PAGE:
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Missouri Environment & Garden


Lee Miller
University of Missouri
Plant Science & Technology
(573) 882-5623

The Case for Taking an Incomplete

Lee Miller
University of Missouri
(573) 882-5623

Published: April 15, 2019

Spring weather has arrived and the need for a sprinkle of fertilizer to spark a tinge of green may be realized throughout the region. Lawn fertilizer choices abound: differing brands, synthetic or organic, and quick release nitrogen or slow. A main determining factor that should be considered before selection is the nutrient analysis. This fertilizer feature is commonly overlooked or misunderstood, but can have a profound impact on the health of your soil, and more importantly the health of our streams and waterways.

While some fertilizers also supply nutrients like iron and sulfur, the main three numbers on the bag are N (nitrogen) – P (phosphorus) – K (potassium), representing the percentage of each nutrient in the bag. These three macronutrients are needed in relatively high levels by the plant. Nitrogen is most limiting in a lawn, since nitrogen is mobile in the plant, moves to young leaf tips, and is subsequently mowed off. Nitrogen is more limiting in a young lawn than an older one, since organic nitrogen sources, including mulched leaf clippings, have not built up in a new lawn soil. A soil test can't assess nitrogen needs for lawns, since the nutrient is not stable in the soil and release rates fluctuate wildly.

county map of Missouri showing various levels of phosphorus using a color scale

FIGURE 1. Phosphorus Levels in MO
Note the high P levels recorded in soil tests from the STL region. - MU soil testing lab

The level of phosphorus and potassium along with the estimated plant need can be estimated by soil tests. These two nutrients are found in many soils, and as shown in figure 1, phosphorus is found in very high levels in the metro St. Louis area by the MU soil testing laboratory.

In established turfgrass, phosphorus deficiencies are rarely observed for two main reasons. Turfgrass roots secrete an enzyme that degrades organic phosphorus making phosphate available. Also, the turfgrass root system and associated soil organic matter support a diverse microbial community that also produces enzymes making phosphorus available to the plant. Excess phosphorus, on the other hand, can cause many problems. From a plant health perspective, excess phosphorus will act to tie up other micronutrients, including iron, copper, and zinc, and make them unavailable to the plant. A span of 3-5 years may be necessary until this condition is naturally balanced. Excess phosphorus may also end up in our streams and waterways causing damaging eutrophication and harmful algal blooms (see https://extension.missouri.edu/publications/g9181).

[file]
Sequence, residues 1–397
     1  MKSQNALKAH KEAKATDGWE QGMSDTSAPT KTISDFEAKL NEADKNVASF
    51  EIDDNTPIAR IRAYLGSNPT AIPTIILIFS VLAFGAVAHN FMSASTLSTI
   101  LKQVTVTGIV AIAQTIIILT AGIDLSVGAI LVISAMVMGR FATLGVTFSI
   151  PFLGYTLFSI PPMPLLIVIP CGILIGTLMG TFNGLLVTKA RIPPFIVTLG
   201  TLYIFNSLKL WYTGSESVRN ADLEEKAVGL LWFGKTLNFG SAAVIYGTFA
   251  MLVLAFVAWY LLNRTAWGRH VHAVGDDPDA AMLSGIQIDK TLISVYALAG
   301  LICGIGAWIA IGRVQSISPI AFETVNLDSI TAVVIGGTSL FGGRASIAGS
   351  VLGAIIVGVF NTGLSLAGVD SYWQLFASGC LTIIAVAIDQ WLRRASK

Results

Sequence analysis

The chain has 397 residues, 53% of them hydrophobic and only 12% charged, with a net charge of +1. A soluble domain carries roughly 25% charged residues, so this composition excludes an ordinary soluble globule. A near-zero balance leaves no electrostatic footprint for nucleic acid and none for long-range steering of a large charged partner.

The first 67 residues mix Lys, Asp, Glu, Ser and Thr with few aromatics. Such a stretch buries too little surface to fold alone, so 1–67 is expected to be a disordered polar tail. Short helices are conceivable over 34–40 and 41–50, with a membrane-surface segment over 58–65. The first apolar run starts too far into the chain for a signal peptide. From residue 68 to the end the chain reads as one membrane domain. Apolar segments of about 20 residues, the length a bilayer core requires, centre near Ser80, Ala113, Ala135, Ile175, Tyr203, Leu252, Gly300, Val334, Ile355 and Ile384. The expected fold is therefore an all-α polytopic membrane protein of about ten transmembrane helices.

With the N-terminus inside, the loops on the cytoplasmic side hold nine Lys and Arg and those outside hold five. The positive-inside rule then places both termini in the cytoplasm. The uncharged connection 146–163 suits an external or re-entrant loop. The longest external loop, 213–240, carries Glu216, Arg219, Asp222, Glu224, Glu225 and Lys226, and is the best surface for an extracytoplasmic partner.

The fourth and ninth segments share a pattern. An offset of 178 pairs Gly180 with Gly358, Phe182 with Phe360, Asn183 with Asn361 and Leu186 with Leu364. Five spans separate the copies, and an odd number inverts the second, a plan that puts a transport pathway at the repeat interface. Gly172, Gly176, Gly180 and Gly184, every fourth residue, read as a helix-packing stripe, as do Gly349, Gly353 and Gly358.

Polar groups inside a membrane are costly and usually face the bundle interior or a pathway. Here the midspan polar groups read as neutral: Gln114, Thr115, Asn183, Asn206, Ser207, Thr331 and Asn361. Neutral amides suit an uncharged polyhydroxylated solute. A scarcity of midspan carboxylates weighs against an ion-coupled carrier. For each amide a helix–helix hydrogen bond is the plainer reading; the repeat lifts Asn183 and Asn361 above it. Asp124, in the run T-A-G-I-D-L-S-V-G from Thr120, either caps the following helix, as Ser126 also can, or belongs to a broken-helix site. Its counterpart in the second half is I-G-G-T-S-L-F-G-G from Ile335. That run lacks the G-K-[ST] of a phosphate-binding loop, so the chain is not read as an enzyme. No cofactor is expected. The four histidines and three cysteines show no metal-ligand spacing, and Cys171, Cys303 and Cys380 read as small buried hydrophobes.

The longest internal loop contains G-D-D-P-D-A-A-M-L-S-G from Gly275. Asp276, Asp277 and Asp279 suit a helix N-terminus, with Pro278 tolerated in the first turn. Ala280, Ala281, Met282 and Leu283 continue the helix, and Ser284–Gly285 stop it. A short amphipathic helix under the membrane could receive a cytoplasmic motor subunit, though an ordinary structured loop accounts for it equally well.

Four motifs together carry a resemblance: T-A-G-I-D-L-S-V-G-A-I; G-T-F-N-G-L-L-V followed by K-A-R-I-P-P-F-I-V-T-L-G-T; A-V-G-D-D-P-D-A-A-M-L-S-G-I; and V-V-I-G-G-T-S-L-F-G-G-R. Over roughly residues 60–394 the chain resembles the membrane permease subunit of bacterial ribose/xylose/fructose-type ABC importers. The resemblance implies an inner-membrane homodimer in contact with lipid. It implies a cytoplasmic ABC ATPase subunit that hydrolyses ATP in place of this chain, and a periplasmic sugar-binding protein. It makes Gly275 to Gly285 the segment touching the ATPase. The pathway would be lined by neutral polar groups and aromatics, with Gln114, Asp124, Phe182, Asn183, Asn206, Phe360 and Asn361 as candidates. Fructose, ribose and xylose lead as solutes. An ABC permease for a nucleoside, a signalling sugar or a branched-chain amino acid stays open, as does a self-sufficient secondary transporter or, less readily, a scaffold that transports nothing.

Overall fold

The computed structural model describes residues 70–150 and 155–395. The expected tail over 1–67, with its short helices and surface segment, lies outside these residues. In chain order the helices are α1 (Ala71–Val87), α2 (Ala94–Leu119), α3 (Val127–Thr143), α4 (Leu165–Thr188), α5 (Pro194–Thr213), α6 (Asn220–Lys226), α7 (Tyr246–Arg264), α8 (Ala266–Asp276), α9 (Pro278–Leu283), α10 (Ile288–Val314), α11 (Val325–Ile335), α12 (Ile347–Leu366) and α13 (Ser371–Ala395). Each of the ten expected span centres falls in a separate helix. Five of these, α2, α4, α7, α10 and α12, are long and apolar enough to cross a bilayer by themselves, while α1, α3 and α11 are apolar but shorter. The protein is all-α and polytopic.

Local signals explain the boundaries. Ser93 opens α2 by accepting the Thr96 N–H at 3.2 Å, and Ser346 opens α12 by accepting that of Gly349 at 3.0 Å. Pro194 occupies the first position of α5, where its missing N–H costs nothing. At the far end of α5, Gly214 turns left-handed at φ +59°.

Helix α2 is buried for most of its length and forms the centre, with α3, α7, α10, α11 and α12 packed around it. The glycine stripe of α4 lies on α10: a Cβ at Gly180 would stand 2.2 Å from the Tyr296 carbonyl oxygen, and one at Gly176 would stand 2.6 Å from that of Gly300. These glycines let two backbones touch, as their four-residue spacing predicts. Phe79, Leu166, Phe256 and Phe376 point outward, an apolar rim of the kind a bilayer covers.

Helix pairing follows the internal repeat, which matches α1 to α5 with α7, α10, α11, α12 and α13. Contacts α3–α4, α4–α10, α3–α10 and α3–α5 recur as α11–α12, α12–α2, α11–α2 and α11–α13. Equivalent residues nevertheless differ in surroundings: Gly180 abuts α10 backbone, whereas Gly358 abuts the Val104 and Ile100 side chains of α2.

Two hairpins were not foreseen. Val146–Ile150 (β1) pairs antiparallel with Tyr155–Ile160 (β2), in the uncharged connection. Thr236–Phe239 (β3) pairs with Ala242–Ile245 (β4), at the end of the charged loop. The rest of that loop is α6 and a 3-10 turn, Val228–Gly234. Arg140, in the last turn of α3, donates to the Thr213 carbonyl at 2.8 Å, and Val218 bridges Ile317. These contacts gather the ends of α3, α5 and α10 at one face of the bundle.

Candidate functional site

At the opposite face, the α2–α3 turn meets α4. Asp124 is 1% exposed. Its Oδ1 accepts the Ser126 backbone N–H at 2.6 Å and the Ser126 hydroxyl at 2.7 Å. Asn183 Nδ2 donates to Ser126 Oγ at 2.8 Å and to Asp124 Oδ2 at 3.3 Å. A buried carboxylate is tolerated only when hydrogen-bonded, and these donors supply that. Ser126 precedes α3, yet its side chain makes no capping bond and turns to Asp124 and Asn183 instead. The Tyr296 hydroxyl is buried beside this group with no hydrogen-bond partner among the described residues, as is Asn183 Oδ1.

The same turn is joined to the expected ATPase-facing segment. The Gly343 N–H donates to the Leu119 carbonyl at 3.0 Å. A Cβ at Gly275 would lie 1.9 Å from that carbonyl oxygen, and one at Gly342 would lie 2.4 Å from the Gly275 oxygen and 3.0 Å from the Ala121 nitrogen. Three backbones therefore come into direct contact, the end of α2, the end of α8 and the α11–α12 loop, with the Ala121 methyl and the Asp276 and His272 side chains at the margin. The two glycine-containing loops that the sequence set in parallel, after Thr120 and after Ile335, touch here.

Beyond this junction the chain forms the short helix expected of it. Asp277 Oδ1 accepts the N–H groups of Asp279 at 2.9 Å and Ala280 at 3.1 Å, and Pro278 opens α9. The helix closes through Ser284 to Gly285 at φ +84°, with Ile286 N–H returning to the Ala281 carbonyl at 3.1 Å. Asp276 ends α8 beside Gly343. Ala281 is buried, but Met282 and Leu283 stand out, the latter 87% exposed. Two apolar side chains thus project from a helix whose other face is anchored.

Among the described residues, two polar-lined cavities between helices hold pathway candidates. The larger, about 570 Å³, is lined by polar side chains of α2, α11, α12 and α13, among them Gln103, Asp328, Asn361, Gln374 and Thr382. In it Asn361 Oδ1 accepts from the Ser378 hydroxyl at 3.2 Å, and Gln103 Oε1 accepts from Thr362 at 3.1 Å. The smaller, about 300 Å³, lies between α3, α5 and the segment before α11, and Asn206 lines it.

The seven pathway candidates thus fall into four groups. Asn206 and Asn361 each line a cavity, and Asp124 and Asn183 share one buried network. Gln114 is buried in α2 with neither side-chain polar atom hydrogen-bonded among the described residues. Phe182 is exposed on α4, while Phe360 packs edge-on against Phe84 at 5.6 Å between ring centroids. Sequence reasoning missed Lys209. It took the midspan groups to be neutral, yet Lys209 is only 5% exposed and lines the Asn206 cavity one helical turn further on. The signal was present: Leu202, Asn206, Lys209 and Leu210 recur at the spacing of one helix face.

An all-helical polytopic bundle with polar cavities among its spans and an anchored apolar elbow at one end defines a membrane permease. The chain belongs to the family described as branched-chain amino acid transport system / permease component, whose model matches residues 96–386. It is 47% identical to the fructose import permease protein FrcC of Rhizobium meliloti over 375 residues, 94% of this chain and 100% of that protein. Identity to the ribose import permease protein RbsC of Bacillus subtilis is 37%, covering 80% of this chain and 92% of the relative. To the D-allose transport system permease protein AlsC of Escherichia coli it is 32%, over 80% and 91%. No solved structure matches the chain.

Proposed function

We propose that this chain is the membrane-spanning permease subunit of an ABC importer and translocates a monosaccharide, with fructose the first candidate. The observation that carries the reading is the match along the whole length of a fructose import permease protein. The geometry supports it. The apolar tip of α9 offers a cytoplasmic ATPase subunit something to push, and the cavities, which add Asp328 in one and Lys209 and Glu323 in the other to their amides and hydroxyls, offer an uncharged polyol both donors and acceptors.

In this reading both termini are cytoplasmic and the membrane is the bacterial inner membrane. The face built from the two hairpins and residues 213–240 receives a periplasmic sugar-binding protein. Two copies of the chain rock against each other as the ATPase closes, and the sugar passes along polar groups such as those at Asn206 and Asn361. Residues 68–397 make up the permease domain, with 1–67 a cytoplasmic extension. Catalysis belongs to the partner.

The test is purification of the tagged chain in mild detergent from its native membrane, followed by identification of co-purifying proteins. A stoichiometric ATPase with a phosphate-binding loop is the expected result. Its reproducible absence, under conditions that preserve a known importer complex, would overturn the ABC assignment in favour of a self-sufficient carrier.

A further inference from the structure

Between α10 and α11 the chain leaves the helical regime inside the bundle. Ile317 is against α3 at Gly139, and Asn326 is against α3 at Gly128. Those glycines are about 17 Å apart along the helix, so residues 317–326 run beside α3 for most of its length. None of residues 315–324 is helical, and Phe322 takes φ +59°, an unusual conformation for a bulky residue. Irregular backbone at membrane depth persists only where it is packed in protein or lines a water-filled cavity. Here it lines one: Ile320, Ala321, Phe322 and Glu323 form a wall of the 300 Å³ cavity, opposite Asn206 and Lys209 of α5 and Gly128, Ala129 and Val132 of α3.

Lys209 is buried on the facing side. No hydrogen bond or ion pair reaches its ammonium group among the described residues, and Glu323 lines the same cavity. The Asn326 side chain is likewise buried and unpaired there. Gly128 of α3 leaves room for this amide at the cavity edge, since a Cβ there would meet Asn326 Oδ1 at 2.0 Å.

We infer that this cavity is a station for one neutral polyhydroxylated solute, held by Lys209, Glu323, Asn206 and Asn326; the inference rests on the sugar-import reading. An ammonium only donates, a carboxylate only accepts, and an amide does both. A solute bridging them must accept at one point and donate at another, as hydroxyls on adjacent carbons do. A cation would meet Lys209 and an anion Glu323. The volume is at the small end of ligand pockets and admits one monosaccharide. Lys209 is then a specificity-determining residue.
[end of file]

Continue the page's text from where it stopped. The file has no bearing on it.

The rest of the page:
chart of soil test showing various levels of PH, phosphorus, potassium, calcium, magnesium, organic matter, acidity, and CEC

Soil Test Report From a St. Louis Lawn
Note the exceptionally high levels of phosphorus and potassium after years of use of a complete fertilizer. Tall fescue at this site was thin and not healthy.

While excess potassium doesn't cause quite as much plant harm as phosphorus, the element can also make micronutrients unavailable to the plant. Micronutrient applications in lawns should not be needed for maintenance, but with an excess of phosphorus and/or potassium they might be. Why spend the extra money?

Staying out of an excessive phosphorus and potassium situation is quite simple following the below guidelines.

  1. On an established lawn, use an incomplete fertilizer with nitrogen. Taking an incomplete in a class was frowned upon, but in this case is the correct move. With X being a number, an incomplete fertilizer should have a ratio X (with N) – 0 (no P) – 0 or low number (no K or at most 1/3 of the amount of N).  A complete fertilizer is an X – X – X, and in most cases should not be applied to an established lawn.

  2. Take care when applying organic-based fertilizers, as many products will contain a potentially unneeded and hazardous phosphorus component.

  3. Use the University of Missouri Lawn Fertilizer Calculator to make certain that you don't overapply fertilizer. A little more fertilizer is not better, it's a waste and a pollutant.

  4. A lawn being seeded or established may require phosphorus, and therefore a complete fertilizer. Remember there is a limited root system and associated microbes to secrete those phosphorus degrading enzymes. To determine the amount of phosphorus or potassium needed, submit a soil test to the MU soil testing laboratory.  For more information, see http://soilplantlab.missouri.edu/soil/turfsoil.aspx, and additional guidelines here - https://extension.missouri.edu/publications/g6954. Conduct a soil test on established lawns every 3-5 years.

  5. Fertilize and conduct other necessary maintenance practices according to the Cool-Season Grass Lawn Maintenance Calendar for tall fescue or Kentucky bluegrass lawns. For zoysiagrass lawns, follow the warm-season turfgrass guidelines provided in https://extension.missouri.edu/publications/g6706.

Last but not least, clean up after making a fertilizer application or whenever using a spreader. Invariably, fertilizer granules will end up on driveways, roads, or sidewalks. Use a hand-held blower and get those granules back on your lawn where they can be used in the plant system. Otherwise, rain pushes the fertilizer down the concrete conduit to storm sewers, eventually polluting our important water resources.


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